To get started with creating your own Azure Functions, you have two possibilities the first is that you can create your Azure Function directly from the Azure portal https://portal.azure.com/ by going to Azure Functions and click add and go through the guide. The second option, which is the one that I prefer and the one we will cover in this post, is creating your Azure Functions through Visual Studio. The reason why I prefer to use Visual Studio is that it allows you first of all to use arguably one of the greatest IDE’s out there 😉, and also it lets you run your Azure Functions locally in a simulator, so you can test it locally before uploading. 

The first thing you must do is download and install Visual Studio https://visualstudio.microsoft.com/downloads/ here you can just go with the free Community edition, doing the installation you will be given the choice of which capabilities that you wish to add to your Visual Studio, here you must select Azure Functions. Once everything is installed you are ready to create your first Azure Function. When you launch Visual Studio you will be met with a page where you can choose to create a new project.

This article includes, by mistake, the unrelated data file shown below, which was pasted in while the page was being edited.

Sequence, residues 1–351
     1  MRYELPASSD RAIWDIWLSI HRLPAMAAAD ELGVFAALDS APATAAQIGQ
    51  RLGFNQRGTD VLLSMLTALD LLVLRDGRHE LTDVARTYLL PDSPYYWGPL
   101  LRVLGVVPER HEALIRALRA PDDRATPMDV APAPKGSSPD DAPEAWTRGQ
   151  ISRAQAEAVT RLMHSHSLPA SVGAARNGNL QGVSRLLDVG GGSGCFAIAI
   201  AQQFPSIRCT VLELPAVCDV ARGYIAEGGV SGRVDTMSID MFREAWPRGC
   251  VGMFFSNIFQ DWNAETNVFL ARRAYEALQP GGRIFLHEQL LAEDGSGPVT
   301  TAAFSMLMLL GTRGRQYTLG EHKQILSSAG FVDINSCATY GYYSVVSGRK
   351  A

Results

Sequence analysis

Click this and choose Azure Functions from list. 

Give it a project name and a solution name and choose the location. 

Once you click create you will be given a list of different templates to help you get started, now I will not go into these different templates, you just need to know that they are there, so if you ever feel like there is something you need to do, chances are that Microsoft has created a template to help you get started, for the purpose of this post we will choose the Http trigger, what this basically means is that we want to create an HTTP web service. 

On the left you can choose what type of Authorization level that you want for you function, you have anonymous which means anyone can call your function, admin which means that you must have the master key, and lastly Function which means that it will be token-based, here you should choose Function and click create.  

This will generate a very simple HTTPTriger function for you the first thing you will notice is that you FunctionName is set to Function1.  

[FunctionName("HelloWorld")] 

You should change this to something more correct, to keep it simple in our case let us just rename it to HelloWorld 

[FunctionName("HelloWorld")] 

the next line. 

[HttpTrigger(AuthorizationLevel.Function, "get", "post", Route = null)]